Nicolas LIMARE / pro / notes / 2014 / 12 / Floating-Point Math Speed vs Precision

IMPORTANT: Useful feedback revealed that some of these measures are seriously flawed. A major update is on the way.


Follow-up on arithmetic speed vs precision, this time with the C floating-point math functions.

After basic arithmetic operations, let's look at the cost of C math functions. This time we are interested in two points: which math operations are fast, flow, and deadly slow; what is the impact of extending the floating-point precision.

Setup

The method is identical:

  • 10 MBytes random arrays processed in loop on a single operation for (int i=0; i<size; i++) c[i] = OP(a[i], b[i]);;
  • 32, 64, 80 and 128 bits floating-point data
  • use of type-generic C99 math functions (macros), and the three arithmetic operations for comparison;
  • 32 mesures with microsecond precision, kept the median, normalized to 1GHz clock frequency
  • code compiled with gcc 4.9 -Ofast and eglibc 2.19;
  • no hyper-threading and CPU frequency scaling, process pinned to a single CPU core.

Measures are split in three charts, on three different scales. Cosine functions are omitted, they take exactly the same time as their sine variant. Input values are randomly taken in the ]0, 1] interval to satisfy every function.

With some CPUs, designed for mobile computing on laptops, active power saving, heat control, frequency scaling and throttling results in unstable performance numbers. I had to pick the results that made some sense manually from multiple runs.

Measures

x86-64

x86-64 Intel Haswell

Intel Core i7 4770 - 2013 - 3.40GHz

Compiler is gcc 4.8 in Ubuntu 14.04.

x86-64 Intel Ivy Bridge

Intel Xeon E5 2650v2 - 2013 - 2.60GHz

The five fast operations (sum, product, division, absolute value and square root) are all implemented by a single instruction and only differ by the number of cycles they require. For 32 bits float data, absolute value runs in 2 cycles, sum and product in 3 cycles, division and square root in 6 cycles.

The other operations require multiple instructions. Exponential takes about 12 cycles, like hyperbolic sine and tangent whose implementation is also based on the exponential. Arcsine hase the same speed, and arctangent is about twice slower.

Finally, slow functions need around 100 cycles per call in 64 bits precision, but with large differences in 32 bits: logarithm and sine take 30 cycles, but the worst, tangent, is down to 1000 cycles per call in single precision!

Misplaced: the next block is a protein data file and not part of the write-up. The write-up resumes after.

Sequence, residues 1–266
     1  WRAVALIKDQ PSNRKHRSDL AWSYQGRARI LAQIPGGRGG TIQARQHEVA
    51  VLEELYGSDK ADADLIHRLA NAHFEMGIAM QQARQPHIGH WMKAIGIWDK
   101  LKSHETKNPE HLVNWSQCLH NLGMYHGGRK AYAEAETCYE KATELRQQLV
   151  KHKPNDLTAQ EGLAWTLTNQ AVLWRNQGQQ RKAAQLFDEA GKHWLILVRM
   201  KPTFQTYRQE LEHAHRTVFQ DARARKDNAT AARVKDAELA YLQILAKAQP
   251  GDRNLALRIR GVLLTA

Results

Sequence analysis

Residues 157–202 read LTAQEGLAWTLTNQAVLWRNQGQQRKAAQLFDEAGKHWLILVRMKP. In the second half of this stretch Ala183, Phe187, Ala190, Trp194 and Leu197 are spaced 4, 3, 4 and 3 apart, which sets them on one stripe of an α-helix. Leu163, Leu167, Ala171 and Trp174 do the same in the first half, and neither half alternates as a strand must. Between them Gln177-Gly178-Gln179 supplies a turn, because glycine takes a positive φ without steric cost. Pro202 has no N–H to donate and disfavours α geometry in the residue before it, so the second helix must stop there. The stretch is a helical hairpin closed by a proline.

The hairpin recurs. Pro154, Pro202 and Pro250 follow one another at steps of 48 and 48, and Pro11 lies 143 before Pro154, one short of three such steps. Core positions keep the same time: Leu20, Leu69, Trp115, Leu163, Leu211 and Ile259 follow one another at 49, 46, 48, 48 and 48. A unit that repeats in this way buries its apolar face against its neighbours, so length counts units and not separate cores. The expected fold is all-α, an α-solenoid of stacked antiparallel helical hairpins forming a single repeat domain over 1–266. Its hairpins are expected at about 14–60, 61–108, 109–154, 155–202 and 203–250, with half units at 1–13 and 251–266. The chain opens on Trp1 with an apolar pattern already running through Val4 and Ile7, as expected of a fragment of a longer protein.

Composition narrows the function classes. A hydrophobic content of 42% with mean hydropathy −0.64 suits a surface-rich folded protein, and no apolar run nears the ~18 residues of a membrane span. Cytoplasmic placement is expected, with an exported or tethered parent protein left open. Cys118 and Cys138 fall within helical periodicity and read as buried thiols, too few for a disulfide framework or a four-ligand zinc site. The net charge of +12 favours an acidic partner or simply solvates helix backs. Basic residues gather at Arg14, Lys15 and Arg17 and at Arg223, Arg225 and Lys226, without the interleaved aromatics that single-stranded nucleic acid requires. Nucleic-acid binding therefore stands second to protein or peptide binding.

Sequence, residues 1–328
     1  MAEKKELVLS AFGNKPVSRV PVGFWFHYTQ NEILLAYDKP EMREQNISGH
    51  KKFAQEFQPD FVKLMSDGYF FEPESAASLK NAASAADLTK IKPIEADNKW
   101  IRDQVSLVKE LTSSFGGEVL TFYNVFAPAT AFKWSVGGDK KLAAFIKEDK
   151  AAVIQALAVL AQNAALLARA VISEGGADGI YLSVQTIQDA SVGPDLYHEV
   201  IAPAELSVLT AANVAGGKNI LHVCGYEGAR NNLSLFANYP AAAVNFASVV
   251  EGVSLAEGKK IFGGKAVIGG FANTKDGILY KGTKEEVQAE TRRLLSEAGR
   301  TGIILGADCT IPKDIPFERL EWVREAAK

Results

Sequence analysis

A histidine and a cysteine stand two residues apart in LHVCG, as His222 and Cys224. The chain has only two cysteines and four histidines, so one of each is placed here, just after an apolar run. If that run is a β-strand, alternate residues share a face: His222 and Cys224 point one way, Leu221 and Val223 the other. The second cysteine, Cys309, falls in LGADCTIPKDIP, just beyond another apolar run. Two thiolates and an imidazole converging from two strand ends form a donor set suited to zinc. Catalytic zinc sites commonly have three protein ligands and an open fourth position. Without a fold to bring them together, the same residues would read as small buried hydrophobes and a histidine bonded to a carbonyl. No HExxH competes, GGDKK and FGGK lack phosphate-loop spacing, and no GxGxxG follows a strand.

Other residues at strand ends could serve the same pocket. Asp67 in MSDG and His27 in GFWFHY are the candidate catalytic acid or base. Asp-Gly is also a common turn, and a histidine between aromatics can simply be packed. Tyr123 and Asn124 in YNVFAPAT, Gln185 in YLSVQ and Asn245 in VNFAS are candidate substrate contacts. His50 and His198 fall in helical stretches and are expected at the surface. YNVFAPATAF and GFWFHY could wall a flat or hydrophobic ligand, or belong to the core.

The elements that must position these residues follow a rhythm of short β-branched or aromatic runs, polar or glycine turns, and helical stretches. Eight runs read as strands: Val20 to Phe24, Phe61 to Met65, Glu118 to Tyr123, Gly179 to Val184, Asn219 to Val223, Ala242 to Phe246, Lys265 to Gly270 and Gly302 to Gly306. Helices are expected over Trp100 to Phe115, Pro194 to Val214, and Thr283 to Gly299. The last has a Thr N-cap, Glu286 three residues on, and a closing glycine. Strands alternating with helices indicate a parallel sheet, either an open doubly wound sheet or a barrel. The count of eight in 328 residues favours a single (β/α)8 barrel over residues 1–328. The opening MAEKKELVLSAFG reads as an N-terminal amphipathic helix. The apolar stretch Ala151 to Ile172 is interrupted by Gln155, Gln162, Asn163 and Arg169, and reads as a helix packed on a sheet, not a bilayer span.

→ similar CPU: Core i5 3317U

Intel Core i5 3317U - 2012 - 1.70GHz (mobile)

Compiler is gcc 4.8 in Ubuntu 14.04.

x86-64 Intel Nehalem

Intel Xeon X7560 - 2010 - 2.27GHz

x86-64 Intel Harpertown

Intel Xeon X3323 - 2008 - 2.5GHz

Compiler is gcc 4.8 and libc is eglibc 2.11 on Ubuntu 10.04.

Power

Power IBM POWER8

IBM Power S812L - 2014 - 3.02GHz

Floating-point with 80 bits precision is not available. Here floating-point on 128 bits is double-double, not IEEE754 binary128. These measures were obtained through virtualization (PowerKVM).

ARM

ARM Cortex-A17

Rockchip RK3288 - 2014 - 1.80GHz

Floating-point with 80 or 128 bits precision are not available on ARM devices. Compiler is gcc 4.8 in Ubuntu 14.04.

ARM Cortex-A9

Rockchip RK3188 - 2013 - 1.80GHz

Compiler is gcc 4.8 in Ubuntu 14.04.

ARM11

Broadcom BCM2835 - 2012 - 700MHz

For this slower CPU (from the Raspberry Pi board), we reduced the array size to 1 MByte. Compiler is gcc 4.6 and libc is eglibc 2.13 on Raspbian 7. This CPU has no floating-point unit, thus the very slow speed observed here.

Conclusions

Performance figures differ a lot across CPU generations, and possibly across compiler and libc versions too. The general rules of thumb are:

  • Single-instruction operations (sum, product, division, absolute value, square root) take 3 to 10 cycles.
  • Fast multiple-instruction operations (exponential and hyperbolic functions, inverse sine and tangent) take 10 to 50 cycles.
  • Slow multiple-instruction operations (logarithm, power, trigonometric functions) take 50 to 1000 cycles.

Tangent and sine usually have the worst worst computation time in our measures, except on recent CPUs/compilers where sine is much faster, but tangent still as slow. To decide wether the improvement comes from the SSE4.2 instruction set or clever gcc 4.9 optimizations would require more measures and a look at the compiled code.

Smaller is also usually faster, with operations on 32 bits taking less cycles than those on 64 bits, and 128 bits maths being deadly slow, but the numbers get closer on slow functions, pollibly because their complex implementation defeats every posible vector and pipeline speedup. For the slowest functions, 64 bits computations are even sometimes much faster than the same operations on 32 bits, for some reasons that still lack any explanantion.

And to avoid any misunderstanding, I end with the mandatory disclaimer. These numbers are only meaningful to compare math functions and data types. Performance of real programs will depend on many other factors: instruction sequences, branching, memory access and cache miss, multi-threading, etc.

PS: I am interested in adding other CPUs and architectures; let me know if you can run my code on other machines, or (better!) let me access them for a couple of hours.


Timing code is here. Inspiration is from Jon Bentley's "Programming Pearls".

Updates:

  • 2015/01/07: normalized to 1GHz clock frequency, bounded input to the ]0-1] interval, added trigonometric functions, removed redundant CPU models
  • 2015/01/13: added Intel Xeon X3323, IBM Power S812L, and Broadcom BCM2835 CPUs, corrected legends, added comments
  • 2015/01/15: added Intel Core i5 3317U and Intel Core i7 4770, thanks to Martin Etchart; added Rockchip RK3188 and Rockchip RK3288, thanks to Damien Challet.
  • 2015/01/19: code cleanup and renamed sections